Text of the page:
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Arquivos Brasileiros de Oftalmologia

Print version ISSN 0004-2749On-line version ISSN 1678-2925

Arq. Bras. Oftalmol. vol.66 no.6 São Paulo Nov./Dec. 2003

http://dx.doi.org/10.1590/S0004-27492003000700002 

ARTIGOS ORIGINAIS

 

Risk factors related to the severity of diabetic retinopathy

 

Fatores de risco relacionados à gravidade da retinopatia diabética

 

 

Zélia Maria da Silva CorrêaI; André Moraes FreitasI; Italo Mundialino MarconII

IRetina Service, Ophthalmology Department of Santa Casa - Porto Alegre - ISCMPA
IIProfessor of Ophthalmology, Chairman of Ophthalmology Department of Santa Casa - Porto Alegre (ISCMPA) and Fundação Faculdade Federal de Ciências Médicas - FFFCMPA

Correspondence

 

 


ABSTRACT

PURPOSE: To determine the relationship between the severity or stage of diabetic retinopathy and associated risk factors in a southern Brazilian population.
METHODS: Transversal study of diabetic patients without previous ophthalmologic treatment, seen at a University eye clinic. These patients underwent fundus photography, complete blood work-up, systemic blood pressure measurement, urine analysis, and were questioned about risk factors previously determined by the authors. The presence or absence of risk factors was compared to the severity of diabetic retinopathy.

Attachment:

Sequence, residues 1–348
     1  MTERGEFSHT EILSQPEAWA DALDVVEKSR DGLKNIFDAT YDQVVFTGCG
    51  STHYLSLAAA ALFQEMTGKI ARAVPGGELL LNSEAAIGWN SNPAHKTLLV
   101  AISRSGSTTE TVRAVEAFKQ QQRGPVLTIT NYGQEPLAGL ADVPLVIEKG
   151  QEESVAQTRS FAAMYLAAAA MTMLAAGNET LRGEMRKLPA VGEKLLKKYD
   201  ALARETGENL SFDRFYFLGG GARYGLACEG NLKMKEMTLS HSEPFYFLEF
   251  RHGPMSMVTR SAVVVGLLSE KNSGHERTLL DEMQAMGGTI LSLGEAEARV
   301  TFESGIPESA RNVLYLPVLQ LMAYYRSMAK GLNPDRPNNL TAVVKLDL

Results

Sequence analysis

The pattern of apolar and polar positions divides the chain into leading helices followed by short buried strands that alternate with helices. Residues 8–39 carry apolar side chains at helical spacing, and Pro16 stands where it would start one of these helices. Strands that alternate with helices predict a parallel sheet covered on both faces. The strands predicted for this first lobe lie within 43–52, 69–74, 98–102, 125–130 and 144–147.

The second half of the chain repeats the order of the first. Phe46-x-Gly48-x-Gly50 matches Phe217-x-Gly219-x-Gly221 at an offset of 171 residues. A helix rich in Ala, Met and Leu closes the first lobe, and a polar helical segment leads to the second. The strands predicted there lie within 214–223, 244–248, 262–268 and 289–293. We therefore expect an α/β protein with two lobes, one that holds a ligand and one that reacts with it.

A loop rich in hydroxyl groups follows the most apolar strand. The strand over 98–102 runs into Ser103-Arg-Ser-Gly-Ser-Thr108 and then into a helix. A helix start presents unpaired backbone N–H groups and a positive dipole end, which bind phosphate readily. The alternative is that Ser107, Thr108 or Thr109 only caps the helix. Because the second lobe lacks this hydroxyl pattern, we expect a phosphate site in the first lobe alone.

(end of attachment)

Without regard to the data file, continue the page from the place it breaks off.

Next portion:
RESULTS: Eighty-one patients were selected, 28 male, 53 female, 55 Caucasians, 26 African descendants, 28 had insulin-dependent diabetes mellitus, 53 had non-insulin-dependent diabetes mellitus. Factors related to more severe diabetic retinopathy include: insulin-dependent diabetes mellitus (a<0.01), nephropathy (a<0.05), proteinuria (a<0.05), duration of the disease (p<0.001), elevated fasting plasma glucose (p=0.11), glycosylated hemoglobin (HbA (1c)) (p=0.001), total serum cholesterol (p=0.019), lower hematocrit (p=0.004) and hemoglobin (p=0.001).
CONCLUSIONS: The severity of diabetic retinopathy appears to be associated with risk factors such as duration of disease, type of diabetes, poor metabolic control, hemoglobin levels, total cholesterol and proteinuria. Factors apparently not related to severity of diabetic retinopathy include gender, age, systemic hypertension and hypomagnesemia.

Keywords: Diabetic retinopathy; Diabetes mellitus/complications; Risk factors; Brazil/epidemiology; Adult; Male; Female